“The Trump cult can’t be swayed; our side can’t be swayed. So we need to persuade the people who are just living their lives and ignoring the situation,” said Lara Ragunas, a 53-year-old housewife from Jacksonville, Florida. “Let’s get ’em [to listen to] NPR and see the seriousness of the situation,” she added. “They might want to engage and vote.” Jenny Braithwaite, a 63-year-old educator, said she hopes the hearings help the public understand “what our president is really about—whatever that may be.” If people actually listen to some of the testimony, “I think it’ll be much easier for them to vote in 2020,” she said.

But even if some Americans have been influenced by the hearings to vote against Trump, a lot can change between now and Election Day next November. And given the likelihood that the Senate will vote to acquit Trump of any charges ultimately levied by the House, it’s not at all clear what kind of long-term effect the impeachment inquiry will actually have. What’s more, the impeachment process carries a real risk for Democrats: Just as it appears to be exciting their own base ahead of the 2020 primary season, the process may also be exciting Trump’s.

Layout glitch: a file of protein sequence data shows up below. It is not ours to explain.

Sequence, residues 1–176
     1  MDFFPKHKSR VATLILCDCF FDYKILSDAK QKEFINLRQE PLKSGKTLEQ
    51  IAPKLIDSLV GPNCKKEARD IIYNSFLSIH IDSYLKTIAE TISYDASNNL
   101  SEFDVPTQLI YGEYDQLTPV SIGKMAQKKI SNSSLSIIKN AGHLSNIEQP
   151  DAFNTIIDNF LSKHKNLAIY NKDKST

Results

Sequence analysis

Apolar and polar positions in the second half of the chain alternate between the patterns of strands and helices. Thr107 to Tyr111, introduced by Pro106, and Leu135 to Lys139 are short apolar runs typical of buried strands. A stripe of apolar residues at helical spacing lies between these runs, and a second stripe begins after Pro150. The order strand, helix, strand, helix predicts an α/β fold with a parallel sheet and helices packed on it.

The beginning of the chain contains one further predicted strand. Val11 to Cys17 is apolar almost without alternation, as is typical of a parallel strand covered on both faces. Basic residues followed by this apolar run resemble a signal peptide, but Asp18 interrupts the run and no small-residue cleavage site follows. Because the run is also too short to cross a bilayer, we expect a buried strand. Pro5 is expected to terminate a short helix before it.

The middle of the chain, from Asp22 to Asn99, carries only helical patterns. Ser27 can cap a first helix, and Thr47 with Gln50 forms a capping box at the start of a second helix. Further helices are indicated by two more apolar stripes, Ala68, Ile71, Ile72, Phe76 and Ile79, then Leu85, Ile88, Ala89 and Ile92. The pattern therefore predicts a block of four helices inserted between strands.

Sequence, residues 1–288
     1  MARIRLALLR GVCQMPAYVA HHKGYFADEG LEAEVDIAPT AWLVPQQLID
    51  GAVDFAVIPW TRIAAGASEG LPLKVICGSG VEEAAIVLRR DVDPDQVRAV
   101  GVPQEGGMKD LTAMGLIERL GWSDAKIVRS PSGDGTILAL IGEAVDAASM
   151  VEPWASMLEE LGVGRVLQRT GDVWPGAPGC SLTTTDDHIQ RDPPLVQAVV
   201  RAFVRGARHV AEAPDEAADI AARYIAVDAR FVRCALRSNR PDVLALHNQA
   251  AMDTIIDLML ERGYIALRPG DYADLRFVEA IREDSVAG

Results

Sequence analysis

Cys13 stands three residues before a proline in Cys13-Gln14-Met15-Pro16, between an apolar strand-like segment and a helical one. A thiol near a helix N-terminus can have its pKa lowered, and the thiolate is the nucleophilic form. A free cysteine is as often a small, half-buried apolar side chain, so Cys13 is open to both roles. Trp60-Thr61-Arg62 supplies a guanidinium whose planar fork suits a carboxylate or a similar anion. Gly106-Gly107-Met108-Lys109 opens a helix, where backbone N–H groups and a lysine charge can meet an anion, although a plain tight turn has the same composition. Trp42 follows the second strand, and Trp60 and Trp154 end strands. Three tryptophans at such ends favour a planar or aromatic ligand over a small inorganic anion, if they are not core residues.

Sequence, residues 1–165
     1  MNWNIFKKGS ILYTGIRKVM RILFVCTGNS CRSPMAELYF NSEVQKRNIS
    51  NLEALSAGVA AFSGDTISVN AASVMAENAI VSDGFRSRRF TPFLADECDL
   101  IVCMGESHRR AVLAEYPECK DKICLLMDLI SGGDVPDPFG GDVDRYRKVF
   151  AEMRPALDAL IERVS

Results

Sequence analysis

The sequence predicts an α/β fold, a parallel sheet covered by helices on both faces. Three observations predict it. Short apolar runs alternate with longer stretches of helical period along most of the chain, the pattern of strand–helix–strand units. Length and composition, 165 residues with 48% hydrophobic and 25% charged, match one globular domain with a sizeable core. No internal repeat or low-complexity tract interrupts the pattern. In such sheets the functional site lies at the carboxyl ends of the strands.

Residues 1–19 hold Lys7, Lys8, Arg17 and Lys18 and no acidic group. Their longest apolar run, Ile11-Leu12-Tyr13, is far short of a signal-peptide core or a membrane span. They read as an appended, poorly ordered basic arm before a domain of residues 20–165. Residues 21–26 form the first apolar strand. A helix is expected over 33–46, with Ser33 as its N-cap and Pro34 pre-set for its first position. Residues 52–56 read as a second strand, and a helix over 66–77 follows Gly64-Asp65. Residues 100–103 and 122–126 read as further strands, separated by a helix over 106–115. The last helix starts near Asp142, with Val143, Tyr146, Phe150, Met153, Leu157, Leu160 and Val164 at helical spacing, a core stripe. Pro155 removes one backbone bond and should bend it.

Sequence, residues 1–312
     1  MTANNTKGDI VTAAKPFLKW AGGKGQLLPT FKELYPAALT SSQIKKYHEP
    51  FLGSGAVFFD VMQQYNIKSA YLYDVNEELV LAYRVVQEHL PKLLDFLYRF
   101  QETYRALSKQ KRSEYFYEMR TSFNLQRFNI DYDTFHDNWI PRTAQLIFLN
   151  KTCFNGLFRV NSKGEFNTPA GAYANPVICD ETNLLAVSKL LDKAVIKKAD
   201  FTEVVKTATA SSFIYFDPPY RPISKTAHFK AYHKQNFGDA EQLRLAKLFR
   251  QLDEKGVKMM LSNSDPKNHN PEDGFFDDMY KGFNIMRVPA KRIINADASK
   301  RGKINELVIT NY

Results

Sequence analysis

Most of the Democratic voters who gathered on the Hill to watch history in the making these past two weeks said that they were keenly aware of this possibility. Still, they said, they believe that the impeachment inquiry was a risk worth taking.

“I’m reassured,” said Bannon Kulsrethsiri, “that [democracy] in this country is not completely kaput.”